Here there are some formula named, mean square error, balanced relative error etc.

I have been developing an experiment with two methods which of both methods estimate a same size set of values.

I mean at the end of experiments i have same sized;

n real value,

n first experiment result,

n second experiment result,


I need to discuss the methods those i suggested and express some opinion about one of them is more successful on estimation.

First question, does comparison of methods' standard deviation give an idea about their success of estimation?

At the linked page there are some formula, do you think they are appropriate to use one of them in my situation, if so which of them?


The link is not freely available. And your question is not entirely clear. I will guess you are trying to estimate an unknown parameter.

Suppose $\theta$ is the unknown parameter, and you have an estimator $T$ of $\theta$ based on $n$ observations. We say that $T$ is an unbiased estimator of $\theta$ if $E(T) = \theta.$

If you have two unbiased estimators $T_1$ and $T_2,$ then the estimator with the smaller standard deviation is considered to be better because it is more likely to be near the correct value $\theta.$

Two simple examples: (1) If the data are from a normal distribution with unknown mean $\mu$, then the sample mean $\bar X$ and the sample median $\tilde X$ of the $n$ observations are both unbiased. In this case, the sample mean is considered the better estimator because it has smaller standard deviation (or variance).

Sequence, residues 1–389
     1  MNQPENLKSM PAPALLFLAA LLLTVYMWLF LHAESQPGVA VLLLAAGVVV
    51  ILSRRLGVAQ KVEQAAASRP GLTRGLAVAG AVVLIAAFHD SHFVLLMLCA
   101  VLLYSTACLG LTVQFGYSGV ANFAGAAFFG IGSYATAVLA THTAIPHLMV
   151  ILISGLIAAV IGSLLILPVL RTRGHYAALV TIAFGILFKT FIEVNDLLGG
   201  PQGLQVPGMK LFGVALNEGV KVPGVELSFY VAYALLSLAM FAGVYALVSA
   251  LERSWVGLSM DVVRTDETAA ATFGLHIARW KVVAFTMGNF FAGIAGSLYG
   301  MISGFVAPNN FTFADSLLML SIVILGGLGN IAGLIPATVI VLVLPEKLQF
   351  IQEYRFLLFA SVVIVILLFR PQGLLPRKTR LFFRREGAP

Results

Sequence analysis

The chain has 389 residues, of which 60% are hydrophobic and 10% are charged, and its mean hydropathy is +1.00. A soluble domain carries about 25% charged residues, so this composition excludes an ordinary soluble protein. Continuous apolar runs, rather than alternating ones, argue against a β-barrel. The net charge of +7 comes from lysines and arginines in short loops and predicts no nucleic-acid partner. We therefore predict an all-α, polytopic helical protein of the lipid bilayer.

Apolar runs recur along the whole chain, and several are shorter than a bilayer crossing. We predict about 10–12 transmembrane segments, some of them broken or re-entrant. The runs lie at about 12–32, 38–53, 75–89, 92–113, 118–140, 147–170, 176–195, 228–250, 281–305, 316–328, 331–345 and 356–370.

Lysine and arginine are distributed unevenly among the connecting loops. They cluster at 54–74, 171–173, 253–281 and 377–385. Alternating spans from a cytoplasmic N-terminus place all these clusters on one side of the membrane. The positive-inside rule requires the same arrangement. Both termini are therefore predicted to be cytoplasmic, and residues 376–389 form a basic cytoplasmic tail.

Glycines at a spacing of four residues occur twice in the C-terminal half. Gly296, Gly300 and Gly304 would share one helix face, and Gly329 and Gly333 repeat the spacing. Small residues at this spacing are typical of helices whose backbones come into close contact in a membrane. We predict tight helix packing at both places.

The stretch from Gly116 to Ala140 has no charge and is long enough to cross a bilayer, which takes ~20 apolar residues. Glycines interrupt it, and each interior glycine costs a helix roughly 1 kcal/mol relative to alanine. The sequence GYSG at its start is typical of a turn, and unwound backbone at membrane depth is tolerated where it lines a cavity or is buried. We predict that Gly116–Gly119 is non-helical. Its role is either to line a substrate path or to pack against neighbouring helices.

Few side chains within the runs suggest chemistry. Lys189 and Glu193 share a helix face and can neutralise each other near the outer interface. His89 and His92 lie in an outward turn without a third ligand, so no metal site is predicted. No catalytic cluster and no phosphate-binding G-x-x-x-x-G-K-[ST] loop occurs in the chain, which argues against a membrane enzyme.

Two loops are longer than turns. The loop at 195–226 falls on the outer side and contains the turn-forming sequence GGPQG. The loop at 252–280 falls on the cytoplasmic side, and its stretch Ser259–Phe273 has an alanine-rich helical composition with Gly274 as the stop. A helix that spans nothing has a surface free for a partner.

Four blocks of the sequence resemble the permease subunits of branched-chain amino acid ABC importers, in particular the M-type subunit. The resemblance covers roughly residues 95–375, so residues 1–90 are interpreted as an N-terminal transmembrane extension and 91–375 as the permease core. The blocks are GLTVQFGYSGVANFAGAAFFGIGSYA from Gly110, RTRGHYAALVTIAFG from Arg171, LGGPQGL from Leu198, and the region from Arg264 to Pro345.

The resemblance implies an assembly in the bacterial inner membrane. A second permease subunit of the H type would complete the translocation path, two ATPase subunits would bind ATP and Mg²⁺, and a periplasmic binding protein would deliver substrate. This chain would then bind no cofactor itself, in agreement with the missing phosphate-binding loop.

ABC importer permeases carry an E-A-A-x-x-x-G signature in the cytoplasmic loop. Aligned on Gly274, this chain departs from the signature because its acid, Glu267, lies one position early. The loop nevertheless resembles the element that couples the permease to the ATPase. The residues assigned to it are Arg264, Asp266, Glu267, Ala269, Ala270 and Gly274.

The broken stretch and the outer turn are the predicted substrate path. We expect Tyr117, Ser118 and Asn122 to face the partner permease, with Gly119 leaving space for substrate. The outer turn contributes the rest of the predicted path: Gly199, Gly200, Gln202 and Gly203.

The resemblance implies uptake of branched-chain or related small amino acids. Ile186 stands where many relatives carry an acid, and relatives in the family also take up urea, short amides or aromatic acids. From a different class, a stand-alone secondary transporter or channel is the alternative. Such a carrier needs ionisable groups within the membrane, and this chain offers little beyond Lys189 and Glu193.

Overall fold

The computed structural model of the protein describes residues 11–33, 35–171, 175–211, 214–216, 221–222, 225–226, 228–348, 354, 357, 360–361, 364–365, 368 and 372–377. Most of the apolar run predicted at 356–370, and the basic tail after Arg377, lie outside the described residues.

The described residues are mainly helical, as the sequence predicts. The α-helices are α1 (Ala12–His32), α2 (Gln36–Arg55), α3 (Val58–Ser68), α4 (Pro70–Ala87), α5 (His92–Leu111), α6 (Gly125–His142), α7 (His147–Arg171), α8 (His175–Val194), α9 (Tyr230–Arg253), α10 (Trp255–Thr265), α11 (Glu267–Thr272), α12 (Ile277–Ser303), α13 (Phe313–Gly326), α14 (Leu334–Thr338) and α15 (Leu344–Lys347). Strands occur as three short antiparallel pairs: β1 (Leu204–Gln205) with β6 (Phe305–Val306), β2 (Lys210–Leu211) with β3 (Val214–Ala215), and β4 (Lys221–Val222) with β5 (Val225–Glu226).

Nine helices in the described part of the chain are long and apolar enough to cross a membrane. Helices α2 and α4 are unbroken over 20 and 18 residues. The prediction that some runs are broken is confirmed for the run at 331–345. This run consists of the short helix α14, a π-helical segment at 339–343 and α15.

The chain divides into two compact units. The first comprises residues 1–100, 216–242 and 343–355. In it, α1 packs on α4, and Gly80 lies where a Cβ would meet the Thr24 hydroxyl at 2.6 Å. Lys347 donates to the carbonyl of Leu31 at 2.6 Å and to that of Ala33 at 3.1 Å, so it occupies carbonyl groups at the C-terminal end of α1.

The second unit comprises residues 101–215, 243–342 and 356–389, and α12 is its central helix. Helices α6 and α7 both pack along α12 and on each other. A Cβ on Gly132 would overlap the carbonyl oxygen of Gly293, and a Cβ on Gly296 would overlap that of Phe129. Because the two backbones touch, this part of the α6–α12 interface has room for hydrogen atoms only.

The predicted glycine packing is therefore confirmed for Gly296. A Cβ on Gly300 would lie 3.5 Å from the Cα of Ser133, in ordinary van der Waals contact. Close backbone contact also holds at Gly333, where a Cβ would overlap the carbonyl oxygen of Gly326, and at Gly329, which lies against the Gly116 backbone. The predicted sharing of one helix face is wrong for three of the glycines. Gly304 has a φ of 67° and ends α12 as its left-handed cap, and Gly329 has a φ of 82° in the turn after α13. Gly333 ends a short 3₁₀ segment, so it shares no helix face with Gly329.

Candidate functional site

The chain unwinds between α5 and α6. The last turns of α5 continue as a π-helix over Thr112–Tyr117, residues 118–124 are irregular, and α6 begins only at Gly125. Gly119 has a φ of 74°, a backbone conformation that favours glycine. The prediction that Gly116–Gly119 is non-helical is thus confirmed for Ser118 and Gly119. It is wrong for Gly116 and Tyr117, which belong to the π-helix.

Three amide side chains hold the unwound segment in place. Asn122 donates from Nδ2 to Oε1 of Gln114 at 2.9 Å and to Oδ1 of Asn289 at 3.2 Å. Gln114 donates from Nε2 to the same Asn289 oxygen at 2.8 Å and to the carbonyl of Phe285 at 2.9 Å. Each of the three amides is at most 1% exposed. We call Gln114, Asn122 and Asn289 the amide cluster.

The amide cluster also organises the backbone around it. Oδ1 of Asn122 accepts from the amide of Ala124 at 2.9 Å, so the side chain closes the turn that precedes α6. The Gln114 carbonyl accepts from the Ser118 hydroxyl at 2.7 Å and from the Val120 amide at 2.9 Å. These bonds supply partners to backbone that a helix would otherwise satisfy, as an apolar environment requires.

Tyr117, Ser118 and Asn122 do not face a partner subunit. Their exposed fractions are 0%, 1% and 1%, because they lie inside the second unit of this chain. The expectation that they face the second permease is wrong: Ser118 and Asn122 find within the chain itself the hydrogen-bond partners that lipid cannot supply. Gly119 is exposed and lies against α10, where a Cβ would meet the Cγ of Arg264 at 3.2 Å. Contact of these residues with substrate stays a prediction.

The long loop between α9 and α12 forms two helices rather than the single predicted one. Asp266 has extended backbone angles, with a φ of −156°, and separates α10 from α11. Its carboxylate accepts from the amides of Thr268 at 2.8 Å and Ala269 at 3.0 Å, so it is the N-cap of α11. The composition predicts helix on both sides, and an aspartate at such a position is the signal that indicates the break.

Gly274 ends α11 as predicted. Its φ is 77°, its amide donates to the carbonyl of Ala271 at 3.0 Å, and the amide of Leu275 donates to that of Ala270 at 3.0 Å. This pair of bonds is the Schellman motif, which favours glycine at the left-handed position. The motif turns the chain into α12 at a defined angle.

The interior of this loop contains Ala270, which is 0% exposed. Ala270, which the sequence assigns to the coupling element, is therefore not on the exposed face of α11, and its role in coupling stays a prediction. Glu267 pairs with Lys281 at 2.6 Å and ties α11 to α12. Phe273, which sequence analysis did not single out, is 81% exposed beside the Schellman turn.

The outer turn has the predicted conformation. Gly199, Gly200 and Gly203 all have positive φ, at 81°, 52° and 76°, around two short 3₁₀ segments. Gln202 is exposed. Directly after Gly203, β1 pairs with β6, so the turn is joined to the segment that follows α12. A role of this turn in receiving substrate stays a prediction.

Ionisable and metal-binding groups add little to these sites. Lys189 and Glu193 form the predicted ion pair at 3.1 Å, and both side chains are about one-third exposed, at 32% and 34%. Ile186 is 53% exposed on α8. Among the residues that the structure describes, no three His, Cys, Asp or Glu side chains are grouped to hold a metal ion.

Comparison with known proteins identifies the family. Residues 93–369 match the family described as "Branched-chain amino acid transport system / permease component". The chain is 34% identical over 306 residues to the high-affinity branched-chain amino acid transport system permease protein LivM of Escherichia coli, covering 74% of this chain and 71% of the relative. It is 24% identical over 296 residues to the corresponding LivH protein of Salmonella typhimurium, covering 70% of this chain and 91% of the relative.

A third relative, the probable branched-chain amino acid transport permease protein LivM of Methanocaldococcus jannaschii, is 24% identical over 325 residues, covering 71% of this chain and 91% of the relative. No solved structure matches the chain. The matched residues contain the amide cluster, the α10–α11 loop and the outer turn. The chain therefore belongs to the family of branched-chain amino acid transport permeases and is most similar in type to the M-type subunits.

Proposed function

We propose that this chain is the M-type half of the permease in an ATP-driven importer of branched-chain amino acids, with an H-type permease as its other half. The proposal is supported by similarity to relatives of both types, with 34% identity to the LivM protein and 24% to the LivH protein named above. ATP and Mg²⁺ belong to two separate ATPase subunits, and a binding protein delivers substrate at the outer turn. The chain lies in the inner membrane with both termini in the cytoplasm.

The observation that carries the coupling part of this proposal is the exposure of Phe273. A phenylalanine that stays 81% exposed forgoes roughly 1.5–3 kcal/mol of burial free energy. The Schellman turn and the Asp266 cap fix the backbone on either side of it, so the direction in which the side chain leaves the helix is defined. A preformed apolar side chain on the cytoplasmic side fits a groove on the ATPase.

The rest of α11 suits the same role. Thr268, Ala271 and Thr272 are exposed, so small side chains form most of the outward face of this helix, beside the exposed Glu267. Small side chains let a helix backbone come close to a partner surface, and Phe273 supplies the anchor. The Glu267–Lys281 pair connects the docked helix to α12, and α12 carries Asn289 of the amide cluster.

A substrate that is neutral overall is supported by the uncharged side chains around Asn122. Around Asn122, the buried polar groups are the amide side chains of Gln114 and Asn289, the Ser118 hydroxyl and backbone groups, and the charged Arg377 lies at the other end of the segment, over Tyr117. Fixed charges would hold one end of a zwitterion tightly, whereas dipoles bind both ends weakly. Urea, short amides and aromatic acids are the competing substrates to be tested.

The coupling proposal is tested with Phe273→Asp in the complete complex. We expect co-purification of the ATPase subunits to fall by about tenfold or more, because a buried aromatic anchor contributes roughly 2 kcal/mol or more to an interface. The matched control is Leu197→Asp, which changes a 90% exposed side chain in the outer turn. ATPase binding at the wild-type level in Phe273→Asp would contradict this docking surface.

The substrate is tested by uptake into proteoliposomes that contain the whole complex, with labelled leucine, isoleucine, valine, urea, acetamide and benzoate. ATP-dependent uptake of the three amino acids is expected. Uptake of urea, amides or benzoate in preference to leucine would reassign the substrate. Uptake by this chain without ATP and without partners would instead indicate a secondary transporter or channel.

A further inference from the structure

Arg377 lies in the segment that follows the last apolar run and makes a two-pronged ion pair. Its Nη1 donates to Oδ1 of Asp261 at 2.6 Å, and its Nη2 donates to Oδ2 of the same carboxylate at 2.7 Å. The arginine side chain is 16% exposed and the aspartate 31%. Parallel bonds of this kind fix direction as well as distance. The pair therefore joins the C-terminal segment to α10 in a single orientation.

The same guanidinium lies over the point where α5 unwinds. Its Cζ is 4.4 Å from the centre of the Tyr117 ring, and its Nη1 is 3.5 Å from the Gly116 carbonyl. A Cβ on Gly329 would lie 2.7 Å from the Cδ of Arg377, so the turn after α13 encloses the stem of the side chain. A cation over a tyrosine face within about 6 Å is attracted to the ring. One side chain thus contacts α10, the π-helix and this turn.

(2) If the data are from a population distributed $Unif(0, \theta),$ then twice the mean and $(n+1)/n$ times the maximum are both unbiased, and the latter is preferred because it has the smaller standard deviation.

However, if estimators are biased, then the variance or SD is no longer an optimal guide. They can be in error because of the bias or because of sampling variability and it is difficult compare such estimators using the SD or variance alone.

For biased estimators one reasonable criterion for 'goodness' is to have a small mean squared error. One can show that $$MSE_\theta (T) = E[(T-\theta)^2] = V(T) + [b_\theta(T)]^2,$$ where $[b_\theta (T)]^2 = [E(T)-\theta]^2$ is the square of the bias.

In example (2) above, the maximum is biased unless it is multiplied by $(n+1)/n.$ However, the maximum has smaller MSE than double the mean, and so the maximum is considered the better estimator according to the MSE criterion.


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